Gray Catbird 

In looking through my photo library for an image for this post, I am reminded of when the Catbirds and Mockingbirds began to call our garden home–when our first batch of blackberries ripened! Catibirds dine on fruits and berries and are year-round frequent visitors to the feast we provide, including blueberry, Juneberry, winterberry, and holly berry.  As the fruits of our magnolias approach their ripening time, the Catbirds noisily guard the trees in anticipation of the ripened fruit.

For more information about the Gray Catbird:

Mass Audubon: Gray Catird (Dumetella carolinensis)

All About Birds: Gray Catbird

The Cornell website has excellent crisp, clear recordings of the Catbirds “mew” sound. Anyone who has heard the repetitious male catbird vocalizing at daybreak knows exactly why they are called Catbirds. From Cornell, “The Gray Catbird belongs to the genus Dumetella, which means “small thicket.” And that’s exactly where you should go look for this little skulker.”

Love the beautiful shade of blue of Catbird eggs!

Gray Catbird Eggs image courtesy Cornell Lab of Ornithology

Outlook for Commercial and Residential Real Estate Markets for the North Shore

Wednesday I attended the North Shore Chamber of Commerce “Outlook for Commercial and Residential Markets by Industry Leaders,” sponsored by the Boston Lobsters Professional Tennis Team and held at the Peabody Marriott Hotel.

 Bahar Uttam (center), owner, Boston Lobsters Tennis Team 

The event was moderated by Karen Andreas, publisher of the Salem News. The featured industry leaders were Lee Dellicker, president, Windover Construction; Alan Berry, vice president, C.P. Berry Construction; Ted Tye, managing partner, National Development; Steve Drohosky, general manager, Cummings Center, and Stephen Connolly IV, president, Connolly Brothers.

Each speaker gave their forecast from the perspective of their business. The overall projections for the North Shore were very positive, thanks to rising employment  figures and the vastly improved financial market. Massachusetts is ahead of the curve and Governor Patrick is working to help streamline the permitting process. All five speakers agreed the market will continue to support sustainability and LEED-certified building. Alan Berry provided great graphics on the rising and falling worth of homeownership over the past 100 years.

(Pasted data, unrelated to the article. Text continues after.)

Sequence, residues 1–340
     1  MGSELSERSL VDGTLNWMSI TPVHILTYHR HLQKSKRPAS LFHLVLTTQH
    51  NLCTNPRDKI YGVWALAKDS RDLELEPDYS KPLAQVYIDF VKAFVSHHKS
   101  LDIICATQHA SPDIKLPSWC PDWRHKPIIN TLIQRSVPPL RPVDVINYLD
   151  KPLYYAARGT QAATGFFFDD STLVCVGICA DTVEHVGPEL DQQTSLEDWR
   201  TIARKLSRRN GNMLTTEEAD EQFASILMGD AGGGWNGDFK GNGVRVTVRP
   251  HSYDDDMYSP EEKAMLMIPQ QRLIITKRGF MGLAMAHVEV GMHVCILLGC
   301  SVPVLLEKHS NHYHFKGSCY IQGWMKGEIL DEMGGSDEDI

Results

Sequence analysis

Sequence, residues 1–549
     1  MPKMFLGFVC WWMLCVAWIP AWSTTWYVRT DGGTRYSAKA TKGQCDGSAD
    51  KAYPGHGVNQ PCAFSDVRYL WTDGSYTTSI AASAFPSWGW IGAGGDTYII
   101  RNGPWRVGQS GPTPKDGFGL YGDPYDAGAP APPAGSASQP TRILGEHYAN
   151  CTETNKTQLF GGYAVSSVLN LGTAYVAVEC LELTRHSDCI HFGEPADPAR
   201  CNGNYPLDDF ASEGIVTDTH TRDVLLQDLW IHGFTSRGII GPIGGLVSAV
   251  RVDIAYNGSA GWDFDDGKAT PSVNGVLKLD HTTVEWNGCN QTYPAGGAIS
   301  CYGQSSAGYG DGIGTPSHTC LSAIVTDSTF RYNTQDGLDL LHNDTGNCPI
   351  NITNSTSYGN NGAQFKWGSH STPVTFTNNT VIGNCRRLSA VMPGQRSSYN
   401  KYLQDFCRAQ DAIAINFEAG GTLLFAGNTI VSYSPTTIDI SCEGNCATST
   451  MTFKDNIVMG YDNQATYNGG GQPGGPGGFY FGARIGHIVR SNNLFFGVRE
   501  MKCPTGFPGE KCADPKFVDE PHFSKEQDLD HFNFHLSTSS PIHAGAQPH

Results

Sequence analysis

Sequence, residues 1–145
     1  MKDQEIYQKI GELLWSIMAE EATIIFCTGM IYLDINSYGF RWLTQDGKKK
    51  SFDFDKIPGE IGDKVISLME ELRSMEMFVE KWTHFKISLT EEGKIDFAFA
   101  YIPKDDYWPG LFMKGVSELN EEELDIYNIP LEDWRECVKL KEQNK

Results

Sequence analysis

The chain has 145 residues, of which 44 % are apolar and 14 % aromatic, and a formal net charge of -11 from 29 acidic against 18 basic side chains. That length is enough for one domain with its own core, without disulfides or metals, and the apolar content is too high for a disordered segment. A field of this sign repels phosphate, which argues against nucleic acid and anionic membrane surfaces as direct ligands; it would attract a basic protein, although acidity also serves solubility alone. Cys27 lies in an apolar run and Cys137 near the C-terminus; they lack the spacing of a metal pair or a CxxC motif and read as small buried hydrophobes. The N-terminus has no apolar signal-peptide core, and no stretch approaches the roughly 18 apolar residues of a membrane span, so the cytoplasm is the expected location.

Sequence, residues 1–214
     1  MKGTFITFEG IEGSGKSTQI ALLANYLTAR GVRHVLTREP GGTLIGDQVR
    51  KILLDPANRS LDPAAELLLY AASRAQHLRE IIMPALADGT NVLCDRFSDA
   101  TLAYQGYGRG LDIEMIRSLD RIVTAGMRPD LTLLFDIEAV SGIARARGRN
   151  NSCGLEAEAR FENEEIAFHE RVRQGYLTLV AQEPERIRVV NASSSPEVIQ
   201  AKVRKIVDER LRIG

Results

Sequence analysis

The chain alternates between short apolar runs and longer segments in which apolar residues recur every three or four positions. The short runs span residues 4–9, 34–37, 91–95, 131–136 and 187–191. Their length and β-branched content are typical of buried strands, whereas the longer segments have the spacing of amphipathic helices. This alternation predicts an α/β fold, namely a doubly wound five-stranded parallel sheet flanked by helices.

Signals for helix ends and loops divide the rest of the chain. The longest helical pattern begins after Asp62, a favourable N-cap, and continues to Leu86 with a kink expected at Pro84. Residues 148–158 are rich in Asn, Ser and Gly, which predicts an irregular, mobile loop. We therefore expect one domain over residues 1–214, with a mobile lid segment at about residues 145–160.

Lee Dellicker (center), president, Windhover Construction

When the panel was asked about the permitting process, Lee Dellicker, president, Windhover Construction advised the audience that when you believe a project is beneficial to your community, to let your voice be heard because, as is often the case in a great majority of projects, community leaders only hear from the small, but very vocal, anti-development minority.

Ted Tye’s firm, National Development, is developing Lynnfield Market Street

Exciting NewsDavios Restaurant, along with a super deluxe Whole Foods, are two of the much anticipated anchors coming to Market Street Lynfield. Davios Newbury Street is one of my very favorite restaurants and when we lived in the Back Bay it was our special restaurant for a romantic evening out. Steve DeFillipo, owner of Davios, is a former longtime resident of Lynnfield and currently resides in Wenham with his family.

Love and Other Anxieties

My friend Lyda Kuth’s film Love and Other Anxieties played to a packed house yesterday at the Independent Film Festival Boston. Beautiful and heartfelt, Love and Other Anxieties is a personal exploration about the meaning of love and long-term commitment.

Click photo to view a larger image.

You can see in the above photo the line for Love and Other Anxieties stretched the length of a city block, wrapping around the corner, and ending behind the theatre.

Arriving early allowed a few minutes to have fun with street photography. My x100 is terrific for photographing people without being noticed and for the most part, passers-by don’t mind even if they do notice. Davis Square was teeming with people and the restaurants were jam packed.

Somerville Theatre

Somerville Theatre

With 98 films playing over the course of a week, and the greatest number of films shown during the weekend, I was impressed with how well organized is the festival–run entirely by volunteers.

Somerville Theatre

I was hoping to take a snapshot of Lyda with her family after the film, but we were hurried out of the theatre to make way for the next film. Lyda was surrounded by a throng of well-wishers and friends and I was so happy to see her happiness. Congratulations to Lyda for the successful launch of her beautiful and touching film, first of many I hope!

Love and Other Anxieties Trailer 

Interview with Lyda from New England Film

Sweet Scents of Spring

Flowering Crabapple

Fragrant Snowball Viburnum (Viburnum x carlecphalum)

Narcissus’ Geranium’

Dwarf fothergillaFothergilla ‘Mount Airy’